The first day, sitting in the meeting hall, we were welcomed by a local band of brass and drums that recalled a New Orleans blues band, followed by a group of women with painted faces doing a traditional song and dance. We were welcomed by ACCA organizers and heard a keynote address about China in Africa from a Nigerian academic doing graduate work on China in Africa. 
 
I gave a presentation about the labor movement in China, speaking about my experience at China Labour Bulletin where we worked with Chinese labor activists to organize workers involved in labor disputes and trained them on collective bargaining strategies and techniques. I also spoke about my trip to Zambia looking at labor relations in Chinese workplaces in the manufacturing and mining sector, and how some Chinese companies in Zambia had learned over the years to recognize independent unions – something China does not have - and engage in collective bargaining with them to improve wages and working conditions.
 
My other colleagues spoke about the environmental movement, and their experience holding companies and government departments accountable for pollution through campaigning and lawsuits. They showed the negative environmental impact that Chinese companies on their home country, but also how Chinese NGOs had been able to hold these companies accountable. The suggestion was that African companies could do the same but it would take time, strategizing and perhaps assistance from Chinese NGOs to figure out how best to mitigate the damages wrought by Chinese companies in Africa.

 

The Africans in the audience were a very curious crowd and asked a lot of questions. Their questions often reflected a pent-up anger against what they saw as the damage visited upon their communities by Chinese companies. One man asked whether it was true that China was only sending criminals to Africa. Our answer: there’s no evidence of this. Another asked what would happen if African countries simply refused to accept Chinese investment. Our answer: Chinese investors aren’t all that different from other investors; they are largely part and parcel of the global capitalist order. Just look at the pillaging of the Amazon being carried out by mostly white (non-Chinese) farmers, miners and loggers. Countries do not shut their doors to other investors who come to exploit their resources and labor, so why would you do that to Chinese investors? What we should be asking is not how to keep these investors from a particular country out (although there may be a good reason to exclude investors in certain sectors or those involved in informal/illegal activities), but how to better regulate and manage the risks that come with their investment.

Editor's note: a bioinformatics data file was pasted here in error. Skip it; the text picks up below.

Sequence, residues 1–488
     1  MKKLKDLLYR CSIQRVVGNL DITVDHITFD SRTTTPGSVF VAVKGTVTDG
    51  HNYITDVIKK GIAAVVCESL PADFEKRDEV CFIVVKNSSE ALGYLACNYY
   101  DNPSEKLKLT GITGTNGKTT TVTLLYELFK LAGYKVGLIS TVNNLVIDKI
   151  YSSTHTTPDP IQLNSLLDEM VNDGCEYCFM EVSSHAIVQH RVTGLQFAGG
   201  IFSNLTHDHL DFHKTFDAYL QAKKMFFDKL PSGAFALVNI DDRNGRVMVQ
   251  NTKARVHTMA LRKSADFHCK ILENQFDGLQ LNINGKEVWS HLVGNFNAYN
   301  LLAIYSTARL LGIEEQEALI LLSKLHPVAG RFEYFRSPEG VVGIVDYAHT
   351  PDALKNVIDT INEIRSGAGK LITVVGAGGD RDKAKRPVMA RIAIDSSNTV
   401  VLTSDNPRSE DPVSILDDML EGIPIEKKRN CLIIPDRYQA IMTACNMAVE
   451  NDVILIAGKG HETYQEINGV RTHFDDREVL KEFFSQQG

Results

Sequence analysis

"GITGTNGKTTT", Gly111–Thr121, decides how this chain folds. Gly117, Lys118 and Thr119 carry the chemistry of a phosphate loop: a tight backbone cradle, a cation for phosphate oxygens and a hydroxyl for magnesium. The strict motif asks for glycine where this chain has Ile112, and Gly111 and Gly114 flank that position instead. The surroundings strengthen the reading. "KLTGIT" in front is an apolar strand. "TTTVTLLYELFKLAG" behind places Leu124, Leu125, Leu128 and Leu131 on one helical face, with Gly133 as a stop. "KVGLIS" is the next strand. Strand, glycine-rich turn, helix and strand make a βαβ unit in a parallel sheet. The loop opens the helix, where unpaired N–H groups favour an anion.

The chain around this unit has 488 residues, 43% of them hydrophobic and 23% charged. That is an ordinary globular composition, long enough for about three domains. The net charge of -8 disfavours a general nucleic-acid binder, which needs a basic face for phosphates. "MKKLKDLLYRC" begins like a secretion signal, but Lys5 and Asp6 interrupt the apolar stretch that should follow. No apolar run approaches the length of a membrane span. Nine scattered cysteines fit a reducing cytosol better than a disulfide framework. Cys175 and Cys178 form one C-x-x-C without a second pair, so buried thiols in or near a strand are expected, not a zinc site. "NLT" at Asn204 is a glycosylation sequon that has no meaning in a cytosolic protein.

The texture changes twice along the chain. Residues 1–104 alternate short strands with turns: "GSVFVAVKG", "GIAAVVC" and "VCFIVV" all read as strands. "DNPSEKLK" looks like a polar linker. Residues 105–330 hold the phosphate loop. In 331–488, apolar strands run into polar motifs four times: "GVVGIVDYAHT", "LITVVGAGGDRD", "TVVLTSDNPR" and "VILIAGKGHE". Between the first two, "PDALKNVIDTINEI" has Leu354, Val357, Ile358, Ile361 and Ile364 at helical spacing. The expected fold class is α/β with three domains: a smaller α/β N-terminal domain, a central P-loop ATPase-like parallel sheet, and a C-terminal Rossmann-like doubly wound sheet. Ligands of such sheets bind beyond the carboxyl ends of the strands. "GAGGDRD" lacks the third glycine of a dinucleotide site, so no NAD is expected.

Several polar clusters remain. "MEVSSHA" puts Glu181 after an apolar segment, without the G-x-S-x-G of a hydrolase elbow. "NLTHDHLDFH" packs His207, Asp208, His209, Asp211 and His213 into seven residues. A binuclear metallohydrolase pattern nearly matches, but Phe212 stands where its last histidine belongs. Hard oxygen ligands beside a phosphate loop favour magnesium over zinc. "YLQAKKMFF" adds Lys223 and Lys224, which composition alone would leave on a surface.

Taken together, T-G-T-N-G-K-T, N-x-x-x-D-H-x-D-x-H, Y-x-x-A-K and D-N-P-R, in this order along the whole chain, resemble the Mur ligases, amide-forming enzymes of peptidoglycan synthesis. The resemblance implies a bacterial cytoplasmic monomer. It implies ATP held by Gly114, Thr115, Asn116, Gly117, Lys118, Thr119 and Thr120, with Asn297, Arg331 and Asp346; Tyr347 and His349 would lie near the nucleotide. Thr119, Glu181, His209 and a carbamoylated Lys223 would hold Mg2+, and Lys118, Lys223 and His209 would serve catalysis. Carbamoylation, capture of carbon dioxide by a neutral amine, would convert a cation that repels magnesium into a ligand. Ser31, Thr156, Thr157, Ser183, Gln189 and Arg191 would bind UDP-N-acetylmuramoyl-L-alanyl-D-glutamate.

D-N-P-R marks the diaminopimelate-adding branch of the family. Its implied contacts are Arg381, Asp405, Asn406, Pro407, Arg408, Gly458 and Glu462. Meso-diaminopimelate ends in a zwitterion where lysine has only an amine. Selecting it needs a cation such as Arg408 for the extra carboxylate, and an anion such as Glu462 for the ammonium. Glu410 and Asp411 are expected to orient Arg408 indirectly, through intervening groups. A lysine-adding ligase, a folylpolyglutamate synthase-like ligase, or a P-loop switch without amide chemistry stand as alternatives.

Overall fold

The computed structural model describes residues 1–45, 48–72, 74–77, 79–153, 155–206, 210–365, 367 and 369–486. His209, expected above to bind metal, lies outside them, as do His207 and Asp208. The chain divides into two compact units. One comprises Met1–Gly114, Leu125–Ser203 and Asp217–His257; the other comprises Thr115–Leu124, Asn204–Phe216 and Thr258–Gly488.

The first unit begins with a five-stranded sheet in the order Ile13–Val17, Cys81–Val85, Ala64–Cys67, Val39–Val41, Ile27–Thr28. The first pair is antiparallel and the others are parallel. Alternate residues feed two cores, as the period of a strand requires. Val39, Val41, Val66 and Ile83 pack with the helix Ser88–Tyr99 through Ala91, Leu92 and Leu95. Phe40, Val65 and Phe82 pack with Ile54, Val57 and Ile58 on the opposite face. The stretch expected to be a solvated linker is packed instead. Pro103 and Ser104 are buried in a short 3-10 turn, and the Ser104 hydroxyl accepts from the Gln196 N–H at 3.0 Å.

The next day was spent looking at corporate accountability mechanisms ranging from grievance mechanisms, to greater transparency and disclosure of information, to lawsuits. The sessions focused on large-scale natural resource extraction projects financed through Chinese state and commercial loans. These are the projects getting the headlines in the paper, and their sheer size and amount of money involved, as well as their impact on local communities and the environment, highlights the pressing need to do something to hold these companies accountable.
 
In a small separate session on labor conflicts, another dimension of China in Africa came up that gets less attention but may be no less important over the longer run: the wave of Chinese companies and entrepreneurs moving into other sectors of the economy. As David Dollar points out in his 2016 Brookings Institution report, China’s Engagement with Africa: From Natural Resources to Human Resources, Chinese financing in Africa may be concentrated on the large-scale projects in the energy and transportation sectors carried out by state-owned firms, but the majority of Chinese people in Africa are dispersed across a wide range of private firms in services, manufacturing and agriculture. There is no good data on how many Chinese actually live and work in Africa. Many are said to go to work in large projects and end up overstaying their visas and going into business for themselves or working for other Chinese businesses. The mythical number of one million Chinese in Africa is often used as in Howard French’s 2014 book, China’s Second Continent: How a Million Migrants are Building a New Empire in Africa.